Outraged at Israel’s violent attack on the humanitarian aid flotilla? Outraged at those who are outraged? Either way, you may have to wait 37 days the next time you want to join your international peers in demonstrating your anger.
Something that should’ve been obvious from yesterday’s City Centre vigil for the flotilla, but was rarely mentioned: If the Public Assemblies Bill passes, yesterday’s demonstration would have been illegal. The organizers and everyone there could have been subject to six months in prison and hefty fines.
The bill may have been designed to deal with contentious parades, but it has arguably missed its mark. Yesterday we saw the clearest incarnation of this, when hundreds of people gathered at City Hall to show the world how they felt, and to react to international events. But the Public Assemblies Bill would change all this, as it would require any public demonstration or protest to seek permission 37 days before the beginning of the event. While it leaves room for ’emergencies,’ this still requires 3 days notice and permission from the Chief Constable. This means people here in Northern Ireland would still be waiting to demonstrate over Israel’s actions.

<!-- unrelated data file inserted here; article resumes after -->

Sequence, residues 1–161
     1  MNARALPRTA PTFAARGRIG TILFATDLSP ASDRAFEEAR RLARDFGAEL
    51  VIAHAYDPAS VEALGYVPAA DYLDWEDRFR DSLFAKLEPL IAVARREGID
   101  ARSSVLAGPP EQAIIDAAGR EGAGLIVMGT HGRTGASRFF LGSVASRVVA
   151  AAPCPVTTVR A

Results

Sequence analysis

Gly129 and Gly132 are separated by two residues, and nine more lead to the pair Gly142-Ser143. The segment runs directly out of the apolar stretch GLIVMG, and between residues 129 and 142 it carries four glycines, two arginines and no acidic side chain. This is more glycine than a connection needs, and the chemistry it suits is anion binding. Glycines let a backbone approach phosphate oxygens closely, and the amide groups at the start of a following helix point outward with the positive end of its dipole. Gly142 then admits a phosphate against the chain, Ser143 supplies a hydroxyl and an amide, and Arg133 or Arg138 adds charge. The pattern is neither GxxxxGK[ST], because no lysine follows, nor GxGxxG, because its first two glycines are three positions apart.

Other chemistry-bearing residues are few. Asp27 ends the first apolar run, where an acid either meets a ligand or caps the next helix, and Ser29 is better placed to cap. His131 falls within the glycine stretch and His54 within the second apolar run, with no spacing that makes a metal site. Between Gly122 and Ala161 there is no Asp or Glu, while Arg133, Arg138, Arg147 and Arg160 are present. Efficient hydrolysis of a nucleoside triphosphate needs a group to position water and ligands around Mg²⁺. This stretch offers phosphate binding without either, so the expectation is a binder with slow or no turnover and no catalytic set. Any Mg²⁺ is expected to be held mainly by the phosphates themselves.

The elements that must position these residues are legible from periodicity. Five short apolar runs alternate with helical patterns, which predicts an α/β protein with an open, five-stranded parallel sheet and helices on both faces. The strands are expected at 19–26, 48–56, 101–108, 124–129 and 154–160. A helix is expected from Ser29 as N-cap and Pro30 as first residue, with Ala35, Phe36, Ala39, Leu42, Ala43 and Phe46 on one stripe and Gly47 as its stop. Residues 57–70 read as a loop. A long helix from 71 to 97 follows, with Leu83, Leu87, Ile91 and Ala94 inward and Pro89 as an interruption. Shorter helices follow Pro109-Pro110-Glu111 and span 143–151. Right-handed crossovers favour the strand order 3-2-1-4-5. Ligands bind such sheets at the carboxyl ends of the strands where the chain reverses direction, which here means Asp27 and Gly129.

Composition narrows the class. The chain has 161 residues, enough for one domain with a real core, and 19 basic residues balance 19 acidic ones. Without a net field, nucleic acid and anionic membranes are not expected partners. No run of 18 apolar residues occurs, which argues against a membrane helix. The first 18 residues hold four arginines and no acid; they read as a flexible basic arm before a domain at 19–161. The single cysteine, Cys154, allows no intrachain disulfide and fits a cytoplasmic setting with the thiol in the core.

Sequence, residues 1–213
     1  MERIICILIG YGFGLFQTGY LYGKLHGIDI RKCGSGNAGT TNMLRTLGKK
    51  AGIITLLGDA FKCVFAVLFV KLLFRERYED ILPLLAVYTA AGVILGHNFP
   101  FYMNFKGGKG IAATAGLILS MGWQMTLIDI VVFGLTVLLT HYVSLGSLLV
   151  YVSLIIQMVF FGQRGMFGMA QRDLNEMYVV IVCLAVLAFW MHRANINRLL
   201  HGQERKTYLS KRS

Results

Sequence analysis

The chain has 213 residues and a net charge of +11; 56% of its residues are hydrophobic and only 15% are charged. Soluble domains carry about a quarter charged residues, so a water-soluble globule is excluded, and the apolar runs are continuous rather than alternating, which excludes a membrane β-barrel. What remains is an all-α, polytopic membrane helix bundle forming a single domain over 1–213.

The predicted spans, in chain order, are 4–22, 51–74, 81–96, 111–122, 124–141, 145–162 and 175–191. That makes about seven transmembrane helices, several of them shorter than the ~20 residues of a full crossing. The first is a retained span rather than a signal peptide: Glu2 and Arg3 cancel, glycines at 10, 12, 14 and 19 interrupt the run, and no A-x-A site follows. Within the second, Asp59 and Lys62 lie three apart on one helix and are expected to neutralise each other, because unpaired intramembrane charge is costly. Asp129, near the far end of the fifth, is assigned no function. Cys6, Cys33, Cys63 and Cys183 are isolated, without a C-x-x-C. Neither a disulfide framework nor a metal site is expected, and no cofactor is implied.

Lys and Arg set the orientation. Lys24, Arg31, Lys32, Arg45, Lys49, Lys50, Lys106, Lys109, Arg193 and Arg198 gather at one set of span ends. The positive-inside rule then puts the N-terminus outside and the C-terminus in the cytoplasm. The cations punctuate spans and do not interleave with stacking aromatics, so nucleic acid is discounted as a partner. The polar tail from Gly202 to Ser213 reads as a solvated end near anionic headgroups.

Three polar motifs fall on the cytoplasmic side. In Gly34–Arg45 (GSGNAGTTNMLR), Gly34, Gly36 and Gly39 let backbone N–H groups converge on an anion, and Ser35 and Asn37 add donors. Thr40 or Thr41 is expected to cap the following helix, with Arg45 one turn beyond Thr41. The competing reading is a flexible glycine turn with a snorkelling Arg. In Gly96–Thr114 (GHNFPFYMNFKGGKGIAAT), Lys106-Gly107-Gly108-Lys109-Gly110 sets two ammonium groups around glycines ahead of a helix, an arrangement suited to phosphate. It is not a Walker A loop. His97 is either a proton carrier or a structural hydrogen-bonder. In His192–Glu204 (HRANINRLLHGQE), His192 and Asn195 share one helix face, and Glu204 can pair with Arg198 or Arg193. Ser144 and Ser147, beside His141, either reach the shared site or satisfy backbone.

Instead of clearly and narrowly dealing with contentious parades in Northern Ireland, it would deny groups like trade unions, community groups, or, as in yesterday’s case, hundreds of ordinary people – some with party or group affiliations, others without, everyone with something to say – the ability to organize quickly and show support for a particular cause.
Whether or not you disagree or agree with Israel’s actions isn’t important. What’s important is that, at least right now, you have the right to demonstrate to the world (peacefully) what you think. The Public Assemblies Bill could take that right away.
Researcher, youth worker, human rights-er.